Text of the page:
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The Monetary Policy Committee votes to maintain interest rates at 5.25%

14 December 2023

Today, the Monetary Policy Committee (MPC) voted to maintain Bank Rate at 5.25%. As was the case at September’s and November’s meeting, a minority of MPC members voted for a rate increase. The number of dissenting voices stayed the same at 3, suggesting that recent economic news has not been sufficient to move the needle on the balance of opinion amongst members. The Bank does however subtly acknowledge that growth has disappointed recently. More importantly though, the Bank notes that whilst private sector wages and Services inflation – key indicators that the Bank tracks – have weakened more than their expectations, key indicators of UK inflation persistence remain elevated.  While the recent growth disappointment is a notable development. The fiscal measures announced in the Autumn Statement will add to growth and perhaps less to inflation, but we will have to wait until February to see the government’s new fiscal plans fully incorporated into the Bank’s projections.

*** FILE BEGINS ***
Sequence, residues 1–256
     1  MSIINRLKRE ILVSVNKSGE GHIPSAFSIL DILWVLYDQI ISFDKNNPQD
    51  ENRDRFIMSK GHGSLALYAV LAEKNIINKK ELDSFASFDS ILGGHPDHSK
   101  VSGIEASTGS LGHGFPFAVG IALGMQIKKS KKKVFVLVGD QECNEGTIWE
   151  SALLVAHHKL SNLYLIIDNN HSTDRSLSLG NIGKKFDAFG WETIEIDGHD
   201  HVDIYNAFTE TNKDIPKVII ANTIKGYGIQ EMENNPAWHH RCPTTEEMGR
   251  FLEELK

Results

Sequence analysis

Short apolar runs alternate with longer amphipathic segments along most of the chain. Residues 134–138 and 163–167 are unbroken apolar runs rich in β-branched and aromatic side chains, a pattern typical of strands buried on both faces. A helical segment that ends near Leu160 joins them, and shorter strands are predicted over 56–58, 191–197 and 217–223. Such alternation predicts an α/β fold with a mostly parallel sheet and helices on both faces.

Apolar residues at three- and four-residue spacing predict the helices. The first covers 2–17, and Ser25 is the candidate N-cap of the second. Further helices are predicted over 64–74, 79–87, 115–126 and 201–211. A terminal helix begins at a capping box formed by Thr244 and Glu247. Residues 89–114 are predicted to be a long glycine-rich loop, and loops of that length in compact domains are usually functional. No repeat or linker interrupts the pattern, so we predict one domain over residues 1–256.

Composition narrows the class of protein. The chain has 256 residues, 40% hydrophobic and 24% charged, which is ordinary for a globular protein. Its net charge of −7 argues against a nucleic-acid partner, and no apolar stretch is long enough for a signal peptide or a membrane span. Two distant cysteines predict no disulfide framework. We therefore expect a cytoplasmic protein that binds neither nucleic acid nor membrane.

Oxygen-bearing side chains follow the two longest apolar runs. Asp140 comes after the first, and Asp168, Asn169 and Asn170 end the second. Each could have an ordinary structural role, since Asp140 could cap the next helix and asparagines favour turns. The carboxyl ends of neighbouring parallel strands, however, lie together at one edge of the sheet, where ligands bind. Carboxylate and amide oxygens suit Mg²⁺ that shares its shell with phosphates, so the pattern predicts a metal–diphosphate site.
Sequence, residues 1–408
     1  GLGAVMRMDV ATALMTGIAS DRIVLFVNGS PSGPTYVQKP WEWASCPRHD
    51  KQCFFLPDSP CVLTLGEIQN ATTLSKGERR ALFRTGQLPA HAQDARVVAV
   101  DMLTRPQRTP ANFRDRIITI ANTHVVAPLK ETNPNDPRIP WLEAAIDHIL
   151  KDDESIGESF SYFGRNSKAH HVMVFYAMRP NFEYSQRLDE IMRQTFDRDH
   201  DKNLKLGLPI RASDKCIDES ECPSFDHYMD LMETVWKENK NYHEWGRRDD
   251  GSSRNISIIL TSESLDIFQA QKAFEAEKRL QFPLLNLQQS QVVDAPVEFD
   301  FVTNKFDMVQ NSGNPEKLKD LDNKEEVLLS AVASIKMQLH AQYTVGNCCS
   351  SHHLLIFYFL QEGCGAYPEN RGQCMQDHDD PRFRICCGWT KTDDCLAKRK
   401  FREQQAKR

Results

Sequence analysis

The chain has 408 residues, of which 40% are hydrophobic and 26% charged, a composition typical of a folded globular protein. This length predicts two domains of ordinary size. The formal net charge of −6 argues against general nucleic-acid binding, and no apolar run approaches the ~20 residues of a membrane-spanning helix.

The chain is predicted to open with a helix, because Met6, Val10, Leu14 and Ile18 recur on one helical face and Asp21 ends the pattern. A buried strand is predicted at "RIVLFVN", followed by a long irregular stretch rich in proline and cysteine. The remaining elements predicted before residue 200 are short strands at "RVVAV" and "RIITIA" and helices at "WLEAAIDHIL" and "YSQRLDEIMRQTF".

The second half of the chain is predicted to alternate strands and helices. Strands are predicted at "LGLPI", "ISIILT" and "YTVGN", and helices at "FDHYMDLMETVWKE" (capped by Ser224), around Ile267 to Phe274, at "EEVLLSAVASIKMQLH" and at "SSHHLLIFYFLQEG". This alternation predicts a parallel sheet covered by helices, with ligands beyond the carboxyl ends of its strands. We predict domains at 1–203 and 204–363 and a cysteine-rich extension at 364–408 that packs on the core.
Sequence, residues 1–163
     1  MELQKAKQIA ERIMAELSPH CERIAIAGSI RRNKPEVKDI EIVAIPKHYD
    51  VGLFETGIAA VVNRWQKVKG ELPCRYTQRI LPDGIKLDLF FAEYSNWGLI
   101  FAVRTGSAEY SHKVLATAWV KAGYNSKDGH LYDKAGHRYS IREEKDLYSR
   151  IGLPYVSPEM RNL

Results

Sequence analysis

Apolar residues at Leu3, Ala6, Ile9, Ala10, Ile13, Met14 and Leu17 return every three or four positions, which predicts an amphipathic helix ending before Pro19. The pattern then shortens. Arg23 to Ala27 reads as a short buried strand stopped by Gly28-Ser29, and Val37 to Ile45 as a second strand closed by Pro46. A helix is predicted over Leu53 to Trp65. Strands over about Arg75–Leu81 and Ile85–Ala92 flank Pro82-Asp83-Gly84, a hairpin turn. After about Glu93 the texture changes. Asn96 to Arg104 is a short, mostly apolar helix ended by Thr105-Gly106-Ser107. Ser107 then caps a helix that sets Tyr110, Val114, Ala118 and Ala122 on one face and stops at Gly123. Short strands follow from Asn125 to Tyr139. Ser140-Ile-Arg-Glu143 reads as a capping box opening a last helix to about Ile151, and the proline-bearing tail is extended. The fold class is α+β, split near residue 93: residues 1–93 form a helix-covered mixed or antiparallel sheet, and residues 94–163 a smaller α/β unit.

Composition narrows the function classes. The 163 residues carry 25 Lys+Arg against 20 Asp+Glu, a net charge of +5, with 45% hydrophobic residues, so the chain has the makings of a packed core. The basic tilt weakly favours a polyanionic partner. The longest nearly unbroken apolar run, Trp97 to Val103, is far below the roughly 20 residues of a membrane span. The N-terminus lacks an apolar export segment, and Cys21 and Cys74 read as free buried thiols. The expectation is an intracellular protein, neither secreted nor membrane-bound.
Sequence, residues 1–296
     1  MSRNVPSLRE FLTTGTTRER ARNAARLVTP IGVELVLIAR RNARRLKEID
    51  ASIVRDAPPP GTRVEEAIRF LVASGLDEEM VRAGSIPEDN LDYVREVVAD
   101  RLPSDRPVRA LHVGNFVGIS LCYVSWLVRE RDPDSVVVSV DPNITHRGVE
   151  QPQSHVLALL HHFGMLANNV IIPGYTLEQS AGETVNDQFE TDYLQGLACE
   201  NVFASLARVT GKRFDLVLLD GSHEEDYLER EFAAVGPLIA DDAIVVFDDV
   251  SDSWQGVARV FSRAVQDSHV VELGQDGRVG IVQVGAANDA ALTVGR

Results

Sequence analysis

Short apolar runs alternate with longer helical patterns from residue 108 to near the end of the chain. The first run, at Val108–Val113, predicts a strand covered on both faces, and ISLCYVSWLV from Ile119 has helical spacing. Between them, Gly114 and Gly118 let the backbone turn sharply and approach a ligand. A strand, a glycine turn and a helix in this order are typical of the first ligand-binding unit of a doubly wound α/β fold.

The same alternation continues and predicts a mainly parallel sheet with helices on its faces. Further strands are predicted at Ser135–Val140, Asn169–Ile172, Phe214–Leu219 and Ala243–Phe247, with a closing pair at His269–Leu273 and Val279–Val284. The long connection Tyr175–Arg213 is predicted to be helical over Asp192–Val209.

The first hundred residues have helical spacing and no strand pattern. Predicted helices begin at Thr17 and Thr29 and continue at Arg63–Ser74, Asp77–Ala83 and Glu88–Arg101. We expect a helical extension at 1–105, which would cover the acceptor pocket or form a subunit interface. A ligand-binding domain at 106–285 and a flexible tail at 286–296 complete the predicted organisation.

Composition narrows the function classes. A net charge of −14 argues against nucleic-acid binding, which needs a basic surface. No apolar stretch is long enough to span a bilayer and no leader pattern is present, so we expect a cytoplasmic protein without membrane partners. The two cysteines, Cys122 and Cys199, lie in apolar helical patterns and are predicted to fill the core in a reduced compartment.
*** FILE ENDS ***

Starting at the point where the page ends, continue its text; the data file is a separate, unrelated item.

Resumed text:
The overall tone of December’s monetary policy statement is consistent with the relatively more hawkish MPC over the recent few weeks: the Bank remains committed to addressing the UK’s inflation persistence. We have argued that market pricing for BOE rate cuts have been too aggressive and today’s decision gives credence to our view.

In contrast, yesterday, the Federal Reserve Open Market Committee signaled a strong desire to reduce interest rates in the US next year. Markets immediately responded positively to this policy pivot. We do however think that such optimism on US rates is a little premature.

Recent UK employment market data and inflation data has been helpful. That said, MPC members will be mindful of the risks of a renewed impetus behind inflation at the beginning of Q2 2024. State pension payments, benefits and minimum wage are all set to increase at a rate much higher than the present rate of inflation next year. There is an added risk of even more stimulative fiscal measures in the Spring Budget ahead of General Elections next year.

Since mid-October, the yield-to-maturity on the 30 year gilt is lower by approximately 0.75%, led by a rally in global yields and US Treasury in particular and BOE rate cut expectations. During the first three quarters of 2023 UK pension schemes saw their liability values reduce as a result of a near 1.0% rise in long-dated gilt yields, the most recent market trends reverse more than half of this effect.

MPC members are aware that not all the effects of previous interest rate increases have been seen yet. The current high interest rate environment remains a challenge to UK growth in the near term. We expect the UK to be in recession as we enter the New Year and to experience a shallow recovery thereafter. But, as for as our outlook for UK monetary policy; looking ahead, we believe that market expectations for when interest rates might be lowered are pitched too soon.